Recognizing Risk and Reaching out to a Friend on Social Media

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Recognizing risk is an essential component of suicide prevention. Human communication has changed over time and social media is now one of the most common means of interacting with friends, family and people with similar interests. Aside from enabling people to stay connected during deployments or after long distance moves, social media platforms have become channels for expressing thoughts, opinions and emotions. Sometimes, signs of suicide risk are displayed, but people may not know how to recognize them. Understanding how to spot content that may indicate risk is an important first step that can enable early intervention. Here are a few ways to identify signs that your friend is in distress on social media:

  • Joking about dying or feeling no reason to live. Naturally, any posts directly indicating a desire to die or otherwise cause self-harm are warning signs of immediate danger. But sometimes these posts may be masked by sarcasm, a casual tone or even disguised as jokes. Just because there’s an “LOL” or emoji in the post, doesn’t mean that the person is playing around. Often these statements are subtle ways of asking for help and are opportunities for others to reach out, show concern and get help.
  • Expressing hopelessness, feeling trapped or other intense emotions. Posts that discuss feeling stuck in a situation that won’t get better, or experiencing unbearable pain, guilt, shame or intense rage can be signs that someone needs help. IS PATH WARM is an acronym developed by the American Association for Suicidology for recognizing suicide warning signs. By familiarizing yourself with these signs, it may be easier to detect them in social media content.
  • Patterns or changes in the type of content posted. Posts describing destructive behaviors such as abusing substances or alcohol, driving recklessly, buying weapons, or engaging in unsafe sexual behaviors can also be signs that someone is at risk. Each year, Navy Suicide Prevention Branch conducts cross disciplinary case reviews and examines the publicly available social media posts of all Sailors who died by suicide. Many of those posts included more frequent images or discussion of excessive alcohol use in social settings and/or alone, communicating about a bad break-up, a career setback, or a strained relationship with a shipmate or supervisor leading up to the Sailor’s death. Posts about personal stressors such as social isolation, significant health issues, loss of a job or home, or deaths of loved ones were also common.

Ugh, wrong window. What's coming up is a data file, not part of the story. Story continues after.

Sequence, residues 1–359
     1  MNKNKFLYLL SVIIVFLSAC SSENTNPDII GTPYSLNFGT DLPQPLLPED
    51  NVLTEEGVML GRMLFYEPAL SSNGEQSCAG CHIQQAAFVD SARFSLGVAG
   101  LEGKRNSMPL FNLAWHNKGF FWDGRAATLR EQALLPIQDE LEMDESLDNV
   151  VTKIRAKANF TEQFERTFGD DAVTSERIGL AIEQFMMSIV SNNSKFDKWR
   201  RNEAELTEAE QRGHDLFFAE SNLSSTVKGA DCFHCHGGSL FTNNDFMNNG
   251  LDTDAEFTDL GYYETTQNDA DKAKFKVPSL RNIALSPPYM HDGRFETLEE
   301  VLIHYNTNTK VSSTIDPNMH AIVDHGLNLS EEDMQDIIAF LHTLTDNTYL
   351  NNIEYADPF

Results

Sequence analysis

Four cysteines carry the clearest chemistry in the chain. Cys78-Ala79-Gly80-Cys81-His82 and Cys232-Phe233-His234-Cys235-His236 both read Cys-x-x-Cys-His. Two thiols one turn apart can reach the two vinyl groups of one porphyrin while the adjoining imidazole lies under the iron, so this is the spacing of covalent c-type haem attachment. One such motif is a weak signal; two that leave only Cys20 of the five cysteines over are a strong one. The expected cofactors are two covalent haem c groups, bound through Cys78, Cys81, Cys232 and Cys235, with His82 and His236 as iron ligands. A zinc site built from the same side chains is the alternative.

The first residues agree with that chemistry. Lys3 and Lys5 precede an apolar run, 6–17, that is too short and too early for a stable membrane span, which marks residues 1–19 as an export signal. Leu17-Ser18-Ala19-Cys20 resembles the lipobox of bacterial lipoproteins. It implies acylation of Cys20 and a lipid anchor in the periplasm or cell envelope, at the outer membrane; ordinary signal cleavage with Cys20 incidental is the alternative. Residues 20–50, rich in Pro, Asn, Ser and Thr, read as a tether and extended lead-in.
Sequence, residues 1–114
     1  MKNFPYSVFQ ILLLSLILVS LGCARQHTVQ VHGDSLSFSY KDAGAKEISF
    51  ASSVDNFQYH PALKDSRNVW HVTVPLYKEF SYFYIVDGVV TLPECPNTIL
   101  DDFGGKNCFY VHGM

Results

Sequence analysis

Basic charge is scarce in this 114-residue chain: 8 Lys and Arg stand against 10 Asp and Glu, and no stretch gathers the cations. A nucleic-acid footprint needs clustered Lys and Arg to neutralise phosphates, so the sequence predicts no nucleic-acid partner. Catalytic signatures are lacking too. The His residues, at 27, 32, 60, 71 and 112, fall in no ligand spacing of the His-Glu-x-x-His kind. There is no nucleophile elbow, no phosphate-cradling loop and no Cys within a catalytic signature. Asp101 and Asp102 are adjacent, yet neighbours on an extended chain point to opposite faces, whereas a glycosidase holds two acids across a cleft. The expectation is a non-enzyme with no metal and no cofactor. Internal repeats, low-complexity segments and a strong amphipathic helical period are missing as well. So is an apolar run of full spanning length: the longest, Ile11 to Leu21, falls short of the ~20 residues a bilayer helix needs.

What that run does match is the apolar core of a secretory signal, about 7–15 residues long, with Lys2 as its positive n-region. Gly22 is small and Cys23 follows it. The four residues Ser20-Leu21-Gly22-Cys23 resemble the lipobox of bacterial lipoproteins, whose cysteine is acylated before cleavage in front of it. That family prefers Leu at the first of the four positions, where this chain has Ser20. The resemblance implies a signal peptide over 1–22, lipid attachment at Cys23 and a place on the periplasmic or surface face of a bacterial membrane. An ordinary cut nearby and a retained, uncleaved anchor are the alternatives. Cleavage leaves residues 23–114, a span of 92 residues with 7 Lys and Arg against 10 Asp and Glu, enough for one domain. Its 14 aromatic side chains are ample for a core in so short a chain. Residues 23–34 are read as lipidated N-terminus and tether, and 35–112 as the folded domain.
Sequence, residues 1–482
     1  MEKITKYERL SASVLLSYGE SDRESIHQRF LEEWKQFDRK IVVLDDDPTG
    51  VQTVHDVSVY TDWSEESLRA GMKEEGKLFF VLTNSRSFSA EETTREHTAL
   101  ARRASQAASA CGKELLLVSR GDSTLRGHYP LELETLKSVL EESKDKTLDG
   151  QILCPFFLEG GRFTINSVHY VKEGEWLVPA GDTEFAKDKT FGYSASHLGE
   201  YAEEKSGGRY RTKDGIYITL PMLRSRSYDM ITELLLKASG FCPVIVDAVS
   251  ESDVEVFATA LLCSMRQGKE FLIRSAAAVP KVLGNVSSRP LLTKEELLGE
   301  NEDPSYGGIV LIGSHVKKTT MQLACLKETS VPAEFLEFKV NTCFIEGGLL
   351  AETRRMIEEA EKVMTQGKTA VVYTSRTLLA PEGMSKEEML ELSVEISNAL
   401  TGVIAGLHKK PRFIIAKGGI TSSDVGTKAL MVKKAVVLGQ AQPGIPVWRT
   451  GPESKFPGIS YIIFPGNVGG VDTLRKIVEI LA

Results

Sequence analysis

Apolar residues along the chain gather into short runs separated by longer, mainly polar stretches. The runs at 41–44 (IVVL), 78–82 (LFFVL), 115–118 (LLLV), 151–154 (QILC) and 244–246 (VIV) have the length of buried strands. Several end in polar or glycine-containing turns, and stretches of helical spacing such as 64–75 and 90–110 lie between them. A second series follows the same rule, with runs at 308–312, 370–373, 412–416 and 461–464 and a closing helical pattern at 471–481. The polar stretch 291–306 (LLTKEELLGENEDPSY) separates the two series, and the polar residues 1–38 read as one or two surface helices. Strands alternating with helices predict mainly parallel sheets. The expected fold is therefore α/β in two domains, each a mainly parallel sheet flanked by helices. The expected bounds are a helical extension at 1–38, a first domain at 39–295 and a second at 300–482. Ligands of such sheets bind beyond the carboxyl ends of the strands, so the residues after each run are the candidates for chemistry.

When you notice something that exhibits suicide risk in a friend or family member’s social media postings, ACT:

  • Reach out and ask direct questions, such as “are you thinking about killing yourself?”
  • Show that you care by listening without judgment and offering hope. Be there.
  • Help your friend connect with a support system immediately. Notify the social media platform’s safety team (see below). Encourage your friend to contact the Military Crisis Line (call 800-273-TALK and Press 1 or text 838255), reach out to a chaplain or call 911 if you know the person’s location. Stay in contact with your friend throughout their treatment to promote a healthy recovery.

The top social media platforms have safety teams that enable concerned users to report content that indicates potential risk of suicide or self-harm, and may even provide the concerned user with additional tools to communicate with the person. Each platform has different response times and resources. To learn more about social media safety teams, visit the following pages:

Many people do not know how to approach discussions about suicide or they feel that it can be too sad of an issue to talk about. In reality, constructive conversations about suicide prevention as well as general psychological health and wellness are among the most helpful ways to break down barriers. When having conversations about suicide prevention, always:

  • Convey a positive and hopeful narrative;
  • Emphasize the importance of seeking help from qualified counselors or mental health professionals; and
  • Avoid using terms like “commit suicide” that can be perceived as judgmental by those who may be experiencing suicidal thoughts or have lost others to suicide.

If you are not sure how to talk about suicide or what words to use, the Every Sailor, Every Day campaign’s new 1 Small ACT Toolkit provides helpful tips. Additionally, the National Action Alliance for Suicide Prevention’s Framework for Successful Messaging and Blogging On Suicide provide additional tips on how to talk about suicide safely. This year, the Every Sailor, Every Day campaign has partnered with the National Suicide Prevention Lifeline’s #BeThe1To campaign to promote five action steps for talking to someone who may be suicidal. Learn more about how these evidence-based five steps can help by visiting http://www.bethe1to.com/bethe1to-steps-evidence/. You can also promote the five steps using Every Sailor, Every Day’s customized graphics, available here: http://www.bethe1to.com/join/.

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